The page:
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Author Topic: Current measurement on positive or negative side?  (Read 1283 times)
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texas
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 smiley-red Oops, I saw the hall effect verbiage and assumed it to be an inductive pickup.  I see that it is actually in series with the circuit, sorry about that.  I think I'd look for an inductive pickup sensor if it were me.
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Denmark
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The motor is 133 amp 24 volt series wound dc. I don´t know what they where intended for (maybe forklift), but i managed to get hold of 6 of them, maybe 10 years old, but unused. I´m converting a lawn tractor to electric with a motor for drive, and a motor for grass cutters. Arduino is at the heart of the operation. I promise to make a ”bragging” post when the project is finished smiley
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Recently I bought 15 LEM HAL 300 current transformers as surplus from Ebay (the price was Very Right) and one of these devices would be perfect for your application. The device has a 30? mm (approx) hole in it to pass through the main motor current carrying wire. Due to the inherent losses involved in getting the Allegro  device soldered in a suitable PCB (4 Oz Cu?) and connections to the controller and battery, a through hole or pass through device is really called for. The HAL 300's can be found for about $50.00... Mine for considerably less (New on Mfr's shipping material). But I see no easy way to get one to you.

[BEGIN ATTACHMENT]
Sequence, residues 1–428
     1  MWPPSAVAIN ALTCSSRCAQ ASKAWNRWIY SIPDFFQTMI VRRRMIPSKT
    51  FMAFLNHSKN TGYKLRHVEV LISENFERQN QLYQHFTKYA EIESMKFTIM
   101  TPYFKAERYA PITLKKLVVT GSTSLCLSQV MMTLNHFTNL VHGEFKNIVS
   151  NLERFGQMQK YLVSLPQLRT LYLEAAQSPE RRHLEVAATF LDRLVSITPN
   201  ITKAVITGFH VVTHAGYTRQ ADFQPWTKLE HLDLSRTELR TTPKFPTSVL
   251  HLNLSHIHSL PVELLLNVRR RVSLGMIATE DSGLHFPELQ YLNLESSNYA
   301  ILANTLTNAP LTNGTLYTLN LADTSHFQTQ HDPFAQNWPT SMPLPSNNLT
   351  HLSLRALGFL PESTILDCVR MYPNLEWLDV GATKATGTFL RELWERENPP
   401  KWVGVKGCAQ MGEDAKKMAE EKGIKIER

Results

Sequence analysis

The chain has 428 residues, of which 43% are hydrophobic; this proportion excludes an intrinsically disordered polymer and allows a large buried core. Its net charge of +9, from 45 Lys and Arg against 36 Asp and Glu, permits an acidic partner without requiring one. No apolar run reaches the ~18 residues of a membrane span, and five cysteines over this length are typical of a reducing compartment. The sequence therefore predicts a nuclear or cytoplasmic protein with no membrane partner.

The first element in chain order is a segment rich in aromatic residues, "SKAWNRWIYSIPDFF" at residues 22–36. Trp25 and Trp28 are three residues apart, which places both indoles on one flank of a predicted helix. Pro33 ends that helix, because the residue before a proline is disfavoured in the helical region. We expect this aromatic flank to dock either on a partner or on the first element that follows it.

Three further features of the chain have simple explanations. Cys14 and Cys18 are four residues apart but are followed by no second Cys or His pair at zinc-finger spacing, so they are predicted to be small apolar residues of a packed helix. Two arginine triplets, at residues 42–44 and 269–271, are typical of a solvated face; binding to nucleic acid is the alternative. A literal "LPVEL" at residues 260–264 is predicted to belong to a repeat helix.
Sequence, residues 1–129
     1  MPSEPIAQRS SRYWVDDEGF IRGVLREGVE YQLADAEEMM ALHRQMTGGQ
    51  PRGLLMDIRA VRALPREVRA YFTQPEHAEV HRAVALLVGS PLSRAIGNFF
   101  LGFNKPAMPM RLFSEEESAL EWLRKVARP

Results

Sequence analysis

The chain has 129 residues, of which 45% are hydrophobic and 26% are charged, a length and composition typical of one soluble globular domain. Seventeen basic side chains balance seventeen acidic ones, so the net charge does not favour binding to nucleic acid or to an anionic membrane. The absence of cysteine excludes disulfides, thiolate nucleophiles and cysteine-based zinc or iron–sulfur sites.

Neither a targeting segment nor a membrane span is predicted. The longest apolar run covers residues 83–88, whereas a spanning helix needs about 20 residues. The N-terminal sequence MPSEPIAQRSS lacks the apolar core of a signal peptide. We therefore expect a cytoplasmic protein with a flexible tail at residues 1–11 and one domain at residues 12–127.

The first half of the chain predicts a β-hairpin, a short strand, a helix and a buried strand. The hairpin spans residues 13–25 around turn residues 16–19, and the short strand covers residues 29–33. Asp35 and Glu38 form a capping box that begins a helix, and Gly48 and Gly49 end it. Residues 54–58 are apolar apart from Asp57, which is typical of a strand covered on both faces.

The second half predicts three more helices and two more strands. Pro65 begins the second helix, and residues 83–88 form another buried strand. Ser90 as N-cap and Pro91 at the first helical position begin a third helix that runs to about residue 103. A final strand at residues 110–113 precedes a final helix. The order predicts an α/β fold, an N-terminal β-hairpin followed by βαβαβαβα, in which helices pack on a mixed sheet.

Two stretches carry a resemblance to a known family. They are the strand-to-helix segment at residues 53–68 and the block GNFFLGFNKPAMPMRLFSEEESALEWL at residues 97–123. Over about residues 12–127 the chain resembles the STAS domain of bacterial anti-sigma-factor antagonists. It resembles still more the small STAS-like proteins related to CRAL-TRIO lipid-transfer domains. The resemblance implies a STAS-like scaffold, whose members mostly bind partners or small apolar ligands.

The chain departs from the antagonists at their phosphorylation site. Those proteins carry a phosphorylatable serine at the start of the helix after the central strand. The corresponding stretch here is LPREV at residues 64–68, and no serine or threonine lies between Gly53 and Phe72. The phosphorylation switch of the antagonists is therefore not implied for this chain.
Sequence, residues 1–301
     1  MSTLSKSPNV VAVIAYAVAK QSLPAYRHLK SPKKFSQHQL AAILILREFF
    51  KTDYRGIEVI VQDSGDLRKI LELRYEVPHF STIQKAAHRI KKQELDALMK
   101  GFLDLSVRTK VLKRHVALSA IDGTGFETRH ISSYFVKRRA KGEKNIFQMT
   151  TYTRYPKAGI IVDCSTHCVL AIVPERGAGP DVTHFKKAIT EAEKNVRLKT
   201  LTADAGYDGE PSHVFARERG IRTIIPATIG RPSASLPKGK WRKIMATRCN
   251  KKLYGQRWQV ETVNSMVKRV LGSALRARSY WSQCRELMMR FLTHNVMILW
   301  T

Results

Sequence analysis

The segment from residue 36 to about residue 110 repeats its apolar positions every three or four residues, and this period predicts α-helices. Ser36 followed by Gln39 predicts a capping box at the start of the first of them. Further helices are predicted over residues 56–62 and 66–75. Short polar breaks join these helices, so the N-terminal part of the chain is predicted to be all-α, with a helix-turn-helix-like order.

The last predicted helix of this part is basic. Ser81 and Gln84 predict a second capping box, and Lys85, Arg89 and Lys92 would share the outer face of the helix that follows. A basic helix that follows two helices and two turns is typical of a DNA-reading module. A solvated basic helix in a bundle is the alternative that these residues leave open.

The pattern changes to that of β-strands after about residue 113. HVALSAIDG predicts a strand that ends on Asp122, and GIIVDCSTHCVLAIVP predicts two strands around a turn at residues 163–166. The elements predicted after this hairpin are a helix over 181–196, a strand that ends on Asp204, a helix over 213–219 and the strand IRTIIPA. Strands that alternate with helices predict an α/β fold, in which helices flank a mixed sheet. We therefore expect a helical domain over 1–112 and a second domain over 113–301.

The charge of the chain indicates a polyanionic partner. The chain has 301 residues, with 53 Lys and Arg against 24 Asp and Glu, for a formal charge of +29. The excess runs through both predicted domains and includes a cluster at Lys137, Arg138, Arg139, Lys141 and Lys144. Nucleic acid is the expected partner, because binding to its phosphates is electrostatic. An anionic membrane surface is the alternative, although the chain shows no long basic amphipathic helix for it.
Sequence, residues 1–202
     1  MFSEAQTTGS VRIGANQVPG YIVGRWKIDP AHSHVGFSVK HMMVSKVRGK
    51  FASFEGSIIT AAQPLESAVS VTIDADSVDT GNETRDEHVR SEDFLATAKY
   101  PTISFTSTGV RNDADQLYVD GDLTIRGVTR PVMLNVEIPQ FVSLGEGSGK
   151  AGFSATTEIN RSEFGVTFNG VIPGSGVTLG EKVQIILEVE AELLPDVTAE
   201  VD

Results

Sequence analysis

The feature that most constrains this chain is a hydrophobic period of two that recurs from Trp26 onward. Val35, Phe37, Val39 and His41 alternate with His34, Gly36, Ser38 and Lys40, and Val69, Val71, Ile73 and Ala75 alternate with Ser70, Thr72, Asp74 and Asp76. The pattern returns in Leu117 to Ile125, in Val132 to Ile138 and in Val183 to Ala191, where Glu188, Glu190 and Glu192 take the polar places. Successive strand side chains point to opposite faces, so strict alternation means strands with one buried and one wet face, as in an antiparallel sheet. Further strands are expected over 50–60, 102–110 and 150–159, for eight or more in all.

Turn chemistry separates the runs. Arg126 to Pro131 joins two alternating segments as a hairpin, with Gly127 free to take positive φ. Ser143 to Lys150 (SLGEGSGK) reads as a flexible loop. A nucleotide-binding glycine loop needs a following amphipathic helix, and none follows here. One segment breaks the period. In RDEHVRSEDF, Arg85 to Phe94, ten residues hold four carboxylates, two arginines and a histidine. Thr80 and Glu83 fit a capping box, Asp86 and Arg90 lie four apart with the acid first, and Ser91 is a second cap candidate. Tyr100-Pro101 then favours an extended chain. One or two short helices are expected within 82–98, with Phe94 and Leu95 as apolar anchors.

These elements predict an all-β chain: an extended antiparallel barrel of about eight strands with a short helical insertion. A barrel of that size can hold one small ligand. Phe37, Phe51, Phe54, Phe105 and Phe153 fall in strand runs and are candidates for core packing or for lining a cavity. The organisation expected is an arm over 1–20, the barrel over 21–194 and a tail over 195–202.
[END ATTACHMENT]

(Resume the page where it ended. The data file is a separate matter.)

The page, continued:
The device can be placed anywhere in the motor power leads, hot or ground as it is totally isolated.The LEM device is spec'd from DC to 50 KHz and has an output similar to the Allegro device however it requires a +/- 12 - 15V split supply to bias the Hall effect circuitry. There are available 12 to 15 V isolated switchers that will supply those voltages. Or in short.. I personally don't think that the Allegro device is ideal for your application. My intent here is NOT to sell current transformers but to point out a more suitable device. I intend to make DC transformers by winding a multi-turn primary so I can use them for more reasonable currents... +/- 30 A = 10T primary. Unfortunately.. I had to buy 15 (at less than the single unit surplus price, much less). It just occurred to me that the motor current is likely going to be considerably less than 130 A since your load will be just the mower and batteries, I should think more like 10 - 20 A which is easier to deal with than the rated full load current and entirely do-able with FR4 PCB material (I would use double sided FR4 laminate and have it plated to 4oz/in with a lot of via's stitching the top and copper together).